The presence of executive deficits in patients with Obstructive Sleep Apnoea

McMaster, Mitchell & Smith, Simon (2015) The presence of executive deficits in patients with Obstructive Sleep Apnoea. In 5th International Neuropsychological Society/Australian Society for Study of Brain Impairment, Pacific Rim Conference, 1 - 4 July 2015, Sydney, N.S.W. (Unpublished)


Obstructive sleep apnoea (OSA) is a chronic condition in which the upper airways collapse repeatedly during sleep, completely or partially obstructing breathing.

This obstruction leads to chronic intermittent hypoxia and severe sleep fragmentation, disrupting the restorative functions of sleep.

Beebe and Gozal (2002)a developed a theory which hypothesises that disruption of the restorative functions of sleep lead to a chronic low level brain damage most evident in executive functions (EF).

Neuropsychological testing of EF, volumetric MRI, magnetic resonance spectroscopy, event related potentials and CSF biomarkers all provide support for this theory.

Little research has been done to explore the nature of the subjective complaint and it’s impact on the activities of daily living.

Impact and interest:

Citation counts are sourced monthly from Scopus and Web of Science® citation databases.

These databases contain citations from different subsets of available publications and different time periods and thus the citation count from each is usually different. Some works are not in either database and no count is displayed. Scopus includes citations from articles published in 1996 onwards, and Web of Science® generally from 1980 onwards.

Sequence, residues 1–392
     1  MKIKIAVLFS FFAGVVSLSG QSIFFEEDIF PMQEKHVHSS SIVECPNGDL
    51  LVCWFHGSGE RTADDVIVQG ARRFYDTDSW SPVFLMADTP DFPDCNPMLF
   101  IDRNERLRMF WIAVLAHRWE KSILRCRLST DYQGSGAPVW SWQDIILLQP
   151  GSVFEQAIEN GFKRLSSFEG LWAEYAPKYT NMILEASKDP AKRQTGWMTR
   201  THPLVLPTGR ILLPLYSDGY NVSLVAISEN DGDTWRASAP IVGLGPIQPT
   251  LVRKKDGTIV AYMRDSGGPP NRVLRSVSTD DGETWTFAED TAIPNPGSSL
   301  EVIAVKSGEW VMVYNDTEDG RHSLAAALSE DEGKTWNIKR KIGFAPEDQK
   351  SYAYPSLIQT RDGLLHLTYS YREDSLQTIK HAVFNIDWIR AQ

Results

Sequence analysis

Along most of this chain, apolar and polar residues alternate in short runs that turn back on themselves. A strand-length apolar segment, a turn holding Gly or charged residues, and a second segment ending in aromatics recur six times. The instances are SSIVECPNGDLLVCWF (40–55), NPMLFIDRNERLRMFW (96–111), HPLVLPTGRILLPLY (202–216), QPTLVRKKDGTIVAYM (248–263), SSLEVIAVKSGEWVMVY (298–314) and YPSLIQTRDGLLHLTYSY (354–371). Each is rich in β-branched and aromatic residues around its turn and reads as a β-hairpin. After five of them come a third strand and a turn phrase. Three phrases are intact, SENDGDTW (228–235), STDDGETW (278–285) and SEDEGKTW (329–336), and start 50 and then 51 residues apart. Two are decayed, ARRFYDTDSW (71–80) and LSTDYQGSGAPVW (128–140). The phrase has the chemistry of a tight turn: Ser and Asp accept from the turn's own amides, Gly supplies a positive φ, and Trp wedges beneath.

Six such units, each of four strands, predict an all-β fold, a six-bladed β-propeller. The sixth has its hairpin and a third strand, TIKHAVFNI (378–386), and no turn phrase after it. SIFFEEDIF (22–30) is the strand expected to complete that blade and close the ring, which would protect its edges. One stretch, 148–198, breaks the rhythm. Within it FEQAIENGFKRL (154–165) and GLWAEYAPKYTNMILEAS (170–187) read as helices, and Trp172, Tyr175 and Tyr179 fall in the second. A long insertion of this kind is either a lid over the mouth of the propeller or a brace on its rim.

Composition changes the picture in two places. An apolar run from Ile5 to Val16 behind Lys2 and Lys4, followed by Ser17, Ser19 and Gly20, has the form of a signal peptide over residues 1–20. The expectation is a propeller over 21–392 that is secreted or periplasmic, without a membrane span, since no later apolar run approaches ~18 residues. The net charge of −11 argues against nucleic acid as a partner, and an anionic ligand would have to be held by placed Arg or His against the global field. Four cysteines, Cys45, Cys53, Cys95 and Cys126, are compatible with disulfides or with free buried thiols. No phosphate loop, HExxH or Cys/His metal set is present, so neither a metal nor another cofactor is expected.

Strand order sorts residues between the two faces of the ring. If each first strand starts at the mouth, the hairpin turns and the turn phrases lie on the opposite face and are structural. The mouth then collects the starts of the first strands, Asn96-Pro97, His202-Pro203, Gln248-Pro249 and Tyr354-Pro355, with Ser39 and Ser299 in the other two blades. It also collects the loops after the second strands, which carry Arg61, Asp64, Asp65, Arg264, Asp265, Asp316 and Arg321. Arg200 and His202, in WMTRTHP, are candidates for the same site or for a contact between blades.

Citations counts from the Google Scholar™ indexing service can be viewed at the linked Google Scholar™ search.

Full-text downloads:

16 since deposited on 12 Aug 2015
4 in the past twelve months

Full-text downloads displays the total number of times this work’s files (e.g., a PDF) have been downloaded from QUT ePrints as well as the number of downloads in the previous 365 days. The count includes downloads for all files if a work has more than one.

ID Code: 86051
Item Type: Conference Item (Poster)
Refereed: No
Additional URLs:
Subjects: Australian and New Zealand Standard Research Classification > PSYCHOLOGY AND COGNITIVE SCIENCES (170000) > PSYCHOLOGY (170100) > Biological Psychology (Neuropsychology Psychopharmacology Physiological Psychology) (170101)
Divisions: Current > Research Centres > Centre for Accident Research & Road Safety - Qld (CARRS-Q)
Current > QUT Faculties and Divisions > Faculty of Health
Current > Institutes > Institute of Health and Biomedical Innovation
Current > Schools > School of Psychology & Counselling
Copyright Owner: Copyright 2015 The Author(s)
Deposited On: 12 Aug 2015 23:46
Last Modified: 12 Aug 2015 23:46

Export: EndNote | Dublin Core | BibTeX

Repository Staff Only: item control page